For those of you who do not read regularly, I embarked on a 30 day challenge to write something every day on the blog. My inspiration were a few friends on Facebook and some recurring themes that crept into my life. I've never been one to fall into the sea of 30 day challenges (or 90 day or 7 day or 2 days?! Anything is possible!). Never a believer that abs and true mastery on anything can be done in such a small subset of time, I've never really tried it. But I may have just drank the Kool-Aid. Lord help me.
What I've learned about real accountability - which is not telling the few people in your life who would bail you out of jail and blindly swear to your innocence - is that it works. What began as a little promise I made on an airplane amidst scary turbulence and a strong desire to focus on my podcast and NOT the 30,000 feet below me has turned into an exercise that's improved my writing and changed my view on goals.
I'll be honest, the day I wrote my 30 day challenge post and identified the areas that had been holding me back from making a commitment to my writing was not a game changer. I didn't close my computer feeling ready for life or excited to pump out some world-class articles. It was a nice exercise and definitely an enlightening one, but the real moment I felt giddy was when I discussed it with some colleagues.
We were out at Pérez Art Museum Miami on their third Thursday events. It's a free night of art and culture, and even just staring at the PAMM's gorgeous Miami ocean view and standing a mere few feet away from serious artwork can subconsciously influence you in a great way. Much like just being on a college campus, it sets the tone for openness and willingness to learn. We were sipping our drinks when the subject of podcasts came up, and I shared the one that inspired me to push myself, get over my fears and actually make a commitment. Everyone had a story of something they too wanted to get better at.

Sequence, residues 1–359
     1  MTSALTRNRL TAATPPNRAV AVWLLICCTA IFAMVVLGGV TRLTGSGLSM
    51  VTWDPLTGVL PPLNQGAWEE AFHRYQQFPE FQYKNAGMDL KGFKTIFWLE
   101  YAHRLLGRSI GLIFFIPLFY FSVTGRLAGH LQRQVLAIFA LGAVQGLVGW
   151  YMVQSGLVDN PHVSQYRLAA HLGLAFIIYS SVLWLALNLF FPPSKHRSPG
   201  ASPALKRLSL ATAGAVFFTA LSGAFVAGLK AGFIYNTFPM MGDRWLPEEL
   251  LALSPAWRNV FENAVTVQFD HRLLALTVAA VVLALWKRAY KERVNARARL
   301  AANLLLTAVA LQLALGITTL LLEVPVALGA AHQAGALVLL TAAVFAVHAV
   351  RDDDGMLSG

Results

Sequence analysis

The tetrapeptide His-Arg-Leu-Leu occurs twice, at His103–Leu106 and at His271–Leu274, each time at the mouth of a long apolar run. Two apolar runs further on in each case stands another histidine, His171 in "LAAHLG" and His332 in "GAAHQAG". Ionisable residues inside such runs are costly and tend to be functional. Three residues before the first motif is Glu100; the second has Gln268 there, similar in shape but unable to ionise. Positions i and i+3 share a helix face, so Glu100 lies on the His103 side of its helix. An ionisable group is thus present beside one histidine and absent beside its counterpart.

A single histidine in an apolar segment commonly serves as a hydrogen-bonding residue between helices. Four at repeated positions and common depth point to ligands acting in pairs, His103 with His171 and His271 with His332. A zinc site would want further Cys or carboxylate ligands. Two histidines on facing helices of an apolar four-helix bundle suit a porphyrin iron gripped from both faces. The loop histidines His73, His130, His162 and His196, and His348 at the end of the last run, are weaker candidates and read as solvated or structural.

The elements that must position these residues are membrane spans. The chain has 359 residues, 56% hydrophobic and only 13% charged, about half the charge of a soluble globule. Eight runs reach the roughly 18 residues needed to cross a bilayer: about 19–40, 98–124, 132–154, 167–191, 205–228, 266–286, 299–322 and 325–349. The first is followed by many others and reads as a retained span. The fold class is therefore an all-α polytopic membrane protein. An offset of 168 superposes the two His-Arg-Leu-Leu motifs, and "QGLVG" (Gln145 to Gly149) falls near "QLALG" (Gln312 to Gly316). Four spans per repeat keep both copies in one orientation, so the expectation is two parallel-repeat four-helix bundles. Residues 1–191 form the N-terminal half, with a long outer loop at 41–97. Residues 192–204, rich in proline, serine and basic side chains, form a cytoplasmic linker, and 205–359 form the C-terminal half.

What was my little 30 day challenge article turned into a supercharged conversation on what holds us back as creative people, the kind of thoughts and worries we have and the stream of great ideas we never follow up on because we're bringing other people's creative visions to life. It was such a real conversation with incredibly talented people and this was when the actual magic began.
The following week we spoke about it some more and even began to check in on ourselves. There was no way I wasn't going to post because this just got real. I couldn't hide behind, "Yea well maybe I said it but no one really reads it so meh." There were people I cared for and respected who now knew and there was no way in hell my answer was going to be, "I got busy and broke a commitment to myself."
Today, I woke up trying to search for something interesting to share. It's been one of the most fulfilling parts of the challenge: I can't sweep a bad first draft under the rug and go about my day. Because I've made a promise, I'm forced to sit there and re-visit the angle and writing ultimately pushing myself to become a more curious observer and better writer. And it only takes a little bit longer. That has been a huge takeaway. I never had a purpose to work an extra 20 minutes to fix the article because I didn't have to. I could simply choose not to fix it and find something better later on, whenever that would be. Imagine how much more I could accomplish if I thought I needed to do it.
I figured instead of writing a curated piece, I'd share my insights as a regular person who made a simple commitment and how much positive spillover it's had on my life. Those conversations that lit me with energy are priceless and allowed me to have a real connection with people who are incredibly interesting. I got second-hand creativity from simply having an authentic chat and pushing myself a little bit harder. I haven't even broken a sweat yet.
Cheers to another 21 days 🍺💪